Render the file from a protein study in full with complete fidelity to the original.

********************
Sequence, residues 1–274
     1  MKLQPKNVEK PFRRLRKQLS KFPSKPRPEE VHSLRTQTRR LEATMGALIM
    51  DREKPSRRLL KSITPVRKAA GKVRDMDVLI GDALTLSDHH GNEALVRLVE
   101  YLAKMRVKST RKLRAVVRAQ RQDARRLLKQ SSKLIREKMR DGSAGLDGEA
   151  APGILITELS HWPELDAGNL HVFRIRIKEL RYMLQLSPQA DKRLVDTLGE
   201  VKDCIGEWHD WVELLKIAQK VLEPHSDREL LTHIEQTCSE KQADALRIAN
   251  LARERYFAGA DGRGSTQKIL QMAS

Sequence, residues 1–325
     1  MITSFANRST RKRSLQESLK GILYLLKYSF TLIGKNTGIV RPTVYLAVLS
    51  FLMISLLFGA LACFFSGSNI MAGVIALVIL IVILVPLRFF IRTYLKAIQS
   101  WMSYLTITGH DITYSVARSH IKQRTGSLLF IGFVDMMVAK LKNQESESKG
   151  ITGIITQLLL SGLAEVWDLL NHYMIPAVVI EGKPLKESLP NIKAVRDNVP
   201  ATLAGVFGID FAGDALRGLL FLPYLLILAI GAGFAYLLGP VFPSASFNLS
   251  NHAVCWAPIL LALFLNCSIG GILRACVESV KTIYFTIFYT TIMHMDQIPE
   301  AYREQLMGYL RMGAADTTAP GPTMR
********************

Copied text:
Sequence, residues 1–274
     1  MKLQPKNVEK PFRRLRKQLS KFPSKPRPEE VHSLRTQTRR LEATMGALIM
    51  DREKPSRRLL KSITPVRKAA GKVRDMDVLI GDALTLSDHH GNEALVRLVE
   101  YLAKMRVKST RKLRAVVRAQ RQDARRLLKQ SSKLIREKMR DGSAGLDGEA
   151  APGILITELS HWPELDAGNL HVFRIRIKEL RYMLQLSPQA DKRLVDTLGE
   201  VKDCIGEWHD WVELLKIAQK VLEPHSDREL LTHIEQTCSE KQADALRIAN
   251  LARERYFAGA DGRGSTQKIL QMAS

Sequence, residues 1–325
     1  MITSFANRST RKRSLQESLK GILYLLKYSF TLIGKNTGIV RPTVYLAVLS
    51  FLMISLLFGA LACFFSGSNI MAGVIALVIL IVILVPLRFF IRTYLKAIQS
   101  WMSYLTITGH DITYSVARSH IKQRTGSLLF IGFVDMMVAK LKNQESESKG
   151  ITGIITQLLL SGLAEVWDLL NHYMIPAVVI EGKPLKESLP NIKAVRDNVP
   201  ATLAGVFGID FAGDALRGLL FLPYLLILAI GAGFAYLLGP VFPSASFNLS
   251  NHAVCWAPIL LALFLNCSIG GILRACVESV KTIYFTIFYT TIMHMDQIPE
   301  AYREQLMGYL RMGAADTTAP GPTMR